The Features

A DC Halcyon Day

Photo courtesy of
‘Smithsonian Castle 2’
courtesy of ‘tbridge’

Sunday was just about as incredible a day as we get here in DC. Perfect temperatures, brilliant jewel-toned sky with wisps of high clouds, and colors that popped. I went out with some friends to participate in a Ravenchase Adventure, starting at Presidents Park just north of the White House. With a package full of clues and DC-specific hints and puzzles, we took off around the National Mall, from John Paul Jones to the Enid Haupt garden and the Hirshhorn Sculpture Garden. Running from statue to statue, sculpture to exhibit, Mall to Penn Quarter, we gathered seven worksheets full of codes and clues, all to realize we were carrying the solution in our bag all along.

We ended with a late lunch at Matchbox. We walked tired back to the Metro and car, having covered 4.5mi of ground in the middle of the city; it was the part of DC we usually reserve for tourism, doing our own tourguide duty for friends from out of town. It was nice to get down to the Mall to get to some of the out-of-the-ordinary places like the Enid Haupt Garden where the views are so lovely. Seeing Jim Sanborn’s Antipodes, a very similar work to his Kryptos which is at CIA-Langley and remains unsolved, was a real treat. I had somehow missed it on previous visits, and it is absolutely amazing in person. Our clues lead us to a code for Ian’s wooden chest, but lead us into parts of the Mall we’d otherwise missed. Our day, though, was not quite yet half-done. Continue reading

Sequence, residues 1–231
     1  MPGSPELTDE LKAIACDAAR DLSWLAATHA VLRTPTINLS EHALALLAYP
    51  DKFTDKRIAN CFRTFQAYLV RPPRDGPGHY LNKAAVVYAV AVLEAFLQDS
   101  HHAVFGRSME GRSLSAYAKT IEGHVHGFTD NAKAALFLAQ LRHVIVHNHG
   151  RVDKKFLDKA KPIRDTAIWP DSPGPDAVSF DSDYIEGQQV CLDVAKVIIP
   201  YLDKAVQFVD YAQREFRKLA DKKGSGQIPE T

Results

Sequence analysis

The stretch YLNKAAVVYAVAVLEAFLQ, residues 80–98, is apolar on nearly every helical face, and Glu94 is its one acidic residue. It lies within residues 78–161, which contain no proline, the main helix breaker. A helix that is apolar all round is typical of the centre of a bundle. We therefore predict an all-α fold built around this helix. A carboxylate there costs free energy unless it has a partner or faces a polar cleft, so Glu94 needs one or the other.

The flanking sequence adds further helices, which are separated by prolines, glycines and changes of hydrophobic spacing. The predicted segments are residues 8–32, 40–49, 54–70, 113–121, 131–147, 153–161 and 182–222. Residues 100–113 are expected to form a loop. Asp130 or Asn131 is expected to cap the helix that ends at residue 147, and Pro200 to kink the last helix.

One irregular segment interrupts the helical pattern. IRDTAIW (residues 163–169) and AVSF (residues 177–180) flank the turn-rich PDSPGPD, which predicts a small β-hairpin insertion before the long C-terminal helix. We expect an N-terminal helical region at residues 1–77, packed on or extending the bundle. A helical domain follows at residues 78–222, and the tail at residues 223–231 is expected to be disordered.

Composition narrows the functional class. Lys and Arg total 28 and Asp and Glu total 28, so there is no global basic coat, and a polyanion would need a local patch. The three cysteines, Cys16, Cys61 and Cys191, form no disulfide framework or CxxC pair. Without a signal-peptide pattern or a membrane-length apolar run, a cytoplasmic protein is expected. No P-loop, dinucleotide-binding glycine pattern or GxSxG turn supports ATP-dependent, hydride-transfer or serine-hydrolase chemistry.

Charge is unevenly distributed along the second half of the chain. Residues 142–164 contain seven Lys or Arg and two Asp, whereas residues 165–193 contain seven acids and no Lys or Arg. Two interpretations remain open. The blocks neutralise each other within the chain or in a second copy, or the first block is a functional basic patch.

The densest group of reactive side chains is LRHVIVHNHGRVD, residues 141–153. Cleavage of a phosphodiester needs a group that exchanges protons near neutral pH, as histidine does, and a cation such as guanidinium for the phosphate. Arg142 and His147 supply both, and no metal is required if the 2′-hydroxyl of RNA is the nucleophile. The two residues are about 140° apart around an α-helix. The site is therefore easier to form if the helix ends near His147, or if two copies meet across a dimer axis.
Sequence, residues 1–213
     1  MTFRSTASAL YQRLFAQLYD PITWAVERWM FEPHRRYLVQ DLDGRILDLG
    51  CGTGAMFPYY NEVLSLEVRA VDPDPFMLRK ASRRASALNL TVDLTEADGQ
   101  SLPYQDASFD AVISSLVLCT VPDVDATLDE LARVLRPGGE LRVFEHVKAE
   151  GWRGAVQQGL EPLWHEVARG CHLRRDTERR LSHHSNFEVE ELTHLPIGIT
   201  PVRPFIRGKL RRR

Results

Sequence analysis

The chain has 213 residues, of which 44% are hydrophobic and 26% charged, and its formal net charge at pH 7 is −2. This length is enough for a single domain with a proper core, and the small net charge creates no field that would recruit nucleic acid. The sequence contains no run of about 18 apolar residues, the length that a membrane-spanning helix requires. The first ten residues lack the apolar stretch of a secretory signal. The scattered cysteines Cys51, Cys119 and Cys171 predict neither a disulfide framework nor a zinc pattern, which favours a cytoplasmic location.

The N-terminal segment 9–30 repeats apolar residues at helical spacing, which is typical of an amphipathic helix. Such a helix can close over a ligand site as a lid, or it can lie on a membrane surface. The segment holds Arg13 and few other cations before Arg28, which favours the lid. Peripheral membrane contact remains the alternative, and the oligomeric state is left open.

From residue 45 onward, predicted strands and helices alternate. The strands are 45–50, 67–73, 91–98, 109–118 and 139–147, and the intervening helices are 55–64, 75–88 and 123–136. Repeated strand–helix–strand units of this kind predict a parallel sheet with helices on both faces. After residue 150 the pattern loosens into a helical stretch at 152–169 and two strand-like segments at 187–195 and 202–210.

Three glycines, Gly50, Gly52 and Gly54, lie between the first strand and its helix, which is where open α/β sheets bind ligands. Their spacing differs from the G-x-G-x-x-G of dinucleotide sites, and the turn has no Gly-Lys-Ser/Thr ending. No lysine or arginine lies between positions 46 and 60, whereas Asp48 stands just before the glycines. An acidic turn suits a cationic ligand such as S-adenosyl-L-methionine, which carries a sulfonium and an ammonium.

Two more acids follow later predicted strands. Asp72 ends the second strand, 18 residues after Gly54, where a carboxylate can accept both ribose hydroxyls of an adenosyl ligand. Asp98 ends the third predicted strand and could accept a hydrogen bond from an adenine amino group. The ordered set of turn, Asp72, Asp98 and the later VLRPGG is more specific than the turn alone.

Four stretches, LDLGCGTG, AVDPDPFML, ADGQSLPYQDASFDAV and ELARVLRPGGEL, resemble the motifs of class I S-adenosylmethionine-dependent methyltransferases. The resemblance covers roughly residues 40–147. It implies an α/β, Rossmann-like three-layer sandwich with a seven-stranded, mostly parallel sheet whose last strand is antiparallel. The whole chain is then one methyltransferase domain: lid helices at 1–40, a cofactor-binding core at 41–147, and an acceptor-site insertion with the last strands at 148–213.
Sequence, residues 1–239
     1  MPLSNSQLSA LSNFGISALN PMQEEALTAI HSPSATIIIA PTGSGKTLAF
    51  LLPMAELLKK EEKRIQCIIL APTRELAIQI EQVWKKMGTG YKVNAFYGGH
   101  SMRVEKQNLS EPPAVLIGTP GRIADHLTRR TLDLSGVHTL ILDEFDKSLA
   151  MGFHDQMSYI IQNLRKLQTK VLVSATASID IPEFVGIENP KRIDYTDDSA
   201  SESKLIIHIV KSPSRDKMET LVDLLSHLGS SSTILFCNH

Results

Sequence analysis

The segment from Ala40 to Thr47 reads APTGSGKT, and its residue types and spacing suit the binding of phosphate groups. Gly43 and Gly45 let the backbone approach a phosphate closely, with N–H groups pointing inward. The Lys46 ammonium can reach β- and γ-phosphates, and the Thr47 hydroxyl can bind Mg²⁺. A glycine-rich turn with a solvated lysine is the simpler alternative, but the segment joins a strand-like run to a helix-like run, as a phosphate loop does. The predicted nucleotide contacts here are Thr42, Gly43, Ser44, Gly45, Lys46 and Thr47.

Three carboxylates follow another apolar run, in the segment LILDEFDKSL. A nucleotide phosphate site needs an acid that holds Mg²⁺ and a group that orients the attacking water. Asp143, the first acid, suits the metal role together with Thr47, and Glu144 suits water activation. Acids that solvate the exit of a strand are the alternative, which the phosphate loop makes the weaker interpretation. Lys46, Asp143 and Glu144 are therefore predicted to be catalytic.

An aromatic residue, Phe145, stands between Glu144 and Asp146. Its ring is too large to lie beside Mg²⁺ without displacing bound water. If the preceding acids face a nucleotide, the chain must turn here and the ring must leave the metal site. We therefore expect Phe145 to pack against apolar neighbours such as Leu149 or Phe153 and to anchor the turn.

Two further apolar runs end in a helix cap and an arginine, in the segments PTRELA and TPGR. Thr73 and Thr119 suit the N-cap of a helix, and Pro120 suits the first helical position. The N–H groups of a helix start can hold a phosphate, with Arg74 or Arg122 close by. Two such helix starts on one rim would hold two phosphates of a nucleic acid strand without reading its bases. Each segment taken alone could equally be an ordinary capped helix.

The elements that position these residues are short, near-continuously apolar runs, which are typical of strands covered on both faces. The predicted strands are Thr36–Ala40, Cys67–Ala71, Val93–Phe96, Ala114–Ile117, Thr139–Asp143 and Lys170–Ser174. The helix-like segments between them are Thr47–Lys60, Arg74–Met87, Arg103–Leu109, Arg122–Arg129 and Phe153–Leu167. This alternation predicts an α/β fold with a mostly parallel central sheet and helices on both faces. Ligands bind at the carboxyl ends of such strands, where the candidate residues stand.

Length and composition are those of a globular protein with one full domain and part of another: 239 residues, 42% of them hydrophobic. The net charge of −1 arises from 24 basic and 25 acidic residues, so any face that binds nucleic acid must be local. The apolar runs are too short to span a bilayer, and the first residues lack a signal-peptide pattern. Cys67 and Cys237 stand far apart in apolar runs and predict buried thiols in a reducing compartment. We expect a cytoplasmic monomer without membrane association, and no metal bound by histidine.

The Features

On The Water: American History’s Latest

Model Tradeship 2
Model Tradeship 2 courtesy of Me

Right next to the exhibit on the first floor dedicated to America’s transportation systems is the National Museum of American History‘s latest exhibit: On the Water. As much as transportation over land has changed the United States, the maritime elements of our economy has done the same. Divided into seven slices of time, some of which overlap, the exhibit focuses on the coastal and riverfront parts of the United States from 1450 through to the present. Read on for a preview.

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Entertainment, Fun & Games, Special Events, The Daily Feed

Pillow Fight Saturday

courtesy of flickr user Nivad

courtesy of flickr user Nivad

Left wondering what to do with those old, deflated pillows?

Problem solved: At 2PM on the National Mall in front of the Smithsonian Castle or at 3PM in Dupont Circle, show up with a CONCEALED SOFT pillow – in a bag, backpack or something similar and act completely nonchalant.  Wait for the crowd to gather and when you hear the signal it’s on!

Hooray! It’s International Pillow Fight Day, part of The Urban Playground Movement, whose goal is to organize free, fun, all age appropriate, non-commercial public events all over the world. DC’s pillow fights are being “organized” by DC Defenestrators.

Pillow fighting etiquette dictates:

-Soft pillows only! I don’t like to use a simple pillow, my favorite to play are Beckham Hotel Collection Pillows.

-Swing lightly, many people will be swinging at once.

-Do not swing at people without pillows or with cameras.

-Remove glasses beforehand!

-The event is free and appropriate for all ages.